Getting (re)organised…

Dull post warning – no dev work!

I’ve taken the New Year ‘fresh’ to do some house keeping. To date, I’ve used a fair number of Project Management tools in my career, and I’ve yet to land on one to use for my own purposes. Jira is ‘ok’ but has some woeful gaps with time management IMHO, besides, it costs money 🙂

I have a Redmine server (which is great, and free!) for as long as I’ve been running Mak Studios, but never really kicked off in full production because I can’t use it offline. Then I got stuck with doing upgrades to it (I use the Bitnami stack for ease of deployment) and kind of trundled away from it to Trello, which also is great, but also has no offline capacity.

My wayward journey left me with Google Keep, which is great, simple, works offline, but of course is no PM tool, and there’s no workflow…

Harumph. So after some considerable ‘umm’-ing, I decided to grab the latest Windows Redmine Bitnami stack, go through the process of upgrading the Mac OSX Redmine database into the Windows one, and run it locally on my Mac Air. What is this madness you ask?

Well, it was a test to do the upgrade path (from Redmine 2.1.x to 3.x) and helpfully the internal database (MySQL) is platform agnostic as far as the data goes, so after some jiggery pokery and lessons learned, I finally managed to get the upgrade done in Windows. I then realised, ‘Now I have an offline Redmine server…’

I still need to upgrade the Mac OSX Redmine I run on the web, but that’s now a doddle (Install the 3.x Bitnami stack, import this MySQL database, job done). And that now gives me a very rudimentary ‘sync’ option… no one (other than me) at present needs to access the external Redmine, so I could shut it down. Or I could periodically backup the local Redmine from the laptop, and drop it into the external Redmine. Clunky, but ‘synced’.

So that done, I now have to get my tasks from Trello and Google Keep into Redmine!

Exporting from Trello is interesting, it does provide an Export to JSON option… but it’s not hierarchical. You can’t export a board, and all the details of every ticket within it. You can export the board. You can then export each ticket as an individual item. Ouch.

There are various plugins that go from Redmine to Trello, but not much that goes the other way. Zapier works (I believe) but I wasn’t happy signing up to the service (no specific reason, other than ‘Not Another Web Service Handling My Data Syndrome), and when I did it required a web based Redmine to talk to, which of course is a path I no longer want to go down. Fortunately, this Little Blue Monkey – Trello Backups has gone through the pains of providing a backup solution for Trello boards, via a neat Google Spreadsheet that goes through the pain of exporting for us, which works a treat. After testing it (in a new sandbox Google Account) and checking the scripts out which (as of this version) _only_ do what they promise, it ran superbly and I’ve left it on a scheduled run to keep backing up my Trello boards forever. The result is a Google Spreadsheet, with a worksheet for each Trello board containing all that boards items. I then grabbed this as an Excel document so I can do some tweaking offline.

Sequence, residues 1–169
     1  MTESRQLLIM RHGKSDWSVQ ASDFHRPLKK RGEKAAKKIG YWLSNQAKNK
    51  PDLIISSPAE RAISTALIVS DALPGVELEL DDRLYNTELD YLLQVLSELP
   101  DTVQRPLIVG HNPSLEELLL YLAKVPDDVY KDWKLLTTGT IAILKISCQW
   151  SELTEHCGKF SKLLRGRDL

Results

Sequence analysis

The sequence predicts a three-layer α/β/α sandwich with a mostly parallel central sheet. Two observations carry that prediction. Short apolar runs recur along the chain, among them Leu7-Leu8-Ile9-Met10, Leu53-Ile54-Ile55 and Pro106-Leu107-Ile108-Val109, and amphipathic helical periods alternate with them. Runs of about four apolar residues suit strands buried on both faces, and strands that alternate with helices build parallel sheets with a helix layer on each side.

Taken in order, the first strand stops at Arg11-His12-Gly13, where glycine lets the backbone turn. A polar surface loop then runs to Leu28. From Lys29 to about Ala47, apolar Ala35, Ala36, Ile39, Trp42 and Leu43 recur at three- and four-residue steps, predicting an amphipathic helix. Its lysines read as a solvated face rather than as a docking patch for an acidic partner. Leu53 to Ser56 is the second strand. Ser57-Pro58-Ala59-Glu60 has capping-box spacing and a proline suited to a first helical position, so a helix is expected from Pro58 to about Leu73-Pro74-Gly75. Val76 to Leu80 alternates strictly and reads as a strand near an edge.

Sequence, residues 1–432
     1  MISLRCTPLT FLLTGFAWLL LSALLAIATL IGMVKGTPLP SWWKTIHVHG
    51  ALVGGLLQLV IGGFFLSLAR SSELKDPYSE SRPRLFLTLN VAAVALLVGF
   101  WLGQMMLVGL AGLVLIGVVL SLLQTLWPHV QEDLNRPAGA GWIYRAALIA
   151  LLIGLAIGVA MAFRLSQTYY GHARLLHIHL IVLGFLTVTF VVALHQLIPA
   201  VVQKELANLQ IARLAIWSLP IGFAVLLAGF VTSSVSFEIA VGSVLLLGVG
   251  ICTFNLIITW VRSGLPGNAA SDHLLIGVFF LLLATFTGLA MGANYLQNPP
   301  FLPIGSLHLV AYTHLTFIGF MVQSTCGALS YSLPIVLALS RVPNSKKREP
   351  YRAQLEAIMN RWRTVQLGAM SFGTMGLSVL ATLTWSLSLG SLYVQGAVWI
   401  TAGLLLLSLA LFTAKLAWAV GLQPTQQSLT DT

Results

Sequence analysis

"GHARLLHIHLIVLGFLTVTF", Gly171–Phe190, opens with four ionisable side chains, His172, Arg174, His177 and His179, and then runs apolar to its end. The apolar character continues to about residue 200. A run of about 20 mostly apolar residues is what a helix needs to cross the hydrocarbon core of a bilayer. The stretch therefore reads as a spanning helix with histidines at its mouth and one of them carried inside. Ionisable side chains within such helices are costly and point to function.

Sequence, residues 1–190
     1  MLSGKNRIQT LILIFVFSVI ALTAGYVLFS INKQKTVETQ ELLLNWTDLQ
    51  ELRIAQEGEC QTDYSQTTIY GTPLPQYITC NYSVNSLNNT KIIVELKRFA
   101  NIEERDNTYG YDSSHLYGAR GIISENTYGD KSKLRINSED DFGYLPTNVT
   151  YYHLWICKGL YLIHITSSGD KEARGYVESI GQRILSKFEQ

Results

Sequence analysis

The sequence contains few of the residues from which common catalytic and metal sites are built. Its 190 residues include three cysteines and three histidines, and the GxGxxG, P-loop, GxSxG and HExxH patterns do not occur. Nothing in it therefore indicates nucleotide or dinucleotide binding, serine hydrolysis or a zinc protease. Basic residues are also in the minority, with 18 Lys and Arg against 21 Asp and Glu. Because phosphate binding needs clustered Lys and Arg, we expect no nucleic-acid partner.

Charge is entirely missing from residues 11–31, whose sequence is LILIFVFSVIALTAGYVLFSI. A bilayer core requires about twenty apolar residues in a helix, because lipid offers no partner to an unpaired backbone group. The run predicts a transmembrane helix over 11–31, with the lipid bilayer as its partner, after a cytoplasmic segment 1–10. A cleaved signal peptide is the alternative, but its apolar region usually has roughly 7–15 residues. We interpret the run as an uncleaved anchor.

Now I’m going through the pain of mapping the Trello fields, labels and data to Redmine, so I can import all the cards into the relevant Projects and tasks. This isn’t as bad as it sounds as I only need a handful of the fields mapped to Redmine’s own issue fields. Dealing with my Trello labels and list names is more the chore. Once I’ve figured out all the mappings, I can then produce a series of CSV files to import into Redmine directly.

Of course, this was all made slightly harder by the AMD RAMDrive failing me for the first time everCaptain Hindsight helpfully tells me that storing the Excel spreadsheets on a RAMDrive was of course, foolish. Sadly after years of using it, I’ve come to trust it. My mistake. It lost the last stages of the Excel mapping fields and values – involving some interesting formula’s to translate field values, meaning I had to recreate them all from my memory, instead of the laptops. Lesson learned. RAMDrive’s are volatile, and not to be trusted, even when they save on shutdown to an image, and create backup copies. Because of course, it’s obvious the backup copy should also lose the files? *Fume!* I suspect Excel tbh… it’s a bit too suspicious…

I then have to do a similar exercise with the Google Keep items.

Once done, I’ll have a single, offline Redmine server with everything in, which I can then (at some point) make available online, and even snapshot to work offline (in some capacity).

There are thousands of PM tools out there, for differing scales of development and management, so YMMV, but for me, just for me, this will work. I hope 😉

Redmine

Redmine is a project management system that runs wiki’s, forums, documentation repo’s, issue tracking, calendars, releases and so on. Everything a budding Project Manager needs. It’s free (donate-ware) and has been pretty darned stable for years. I highly recommend looking into it if your scouting out options and are on a restricted budget.

Bitnami

Bitnami are super guys who provide ‘installable’ service stacks for various systems, which just work and require a minimal config. They are great to set up a complex service which has a lot of dependencies, and they run in a sandbox which can be shutdown easiy via a control manager UI panel. I run a Redmine stack, and a Jenkins stack from them and they both saved me a lot of setup time!

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Author: Mak View all posts by

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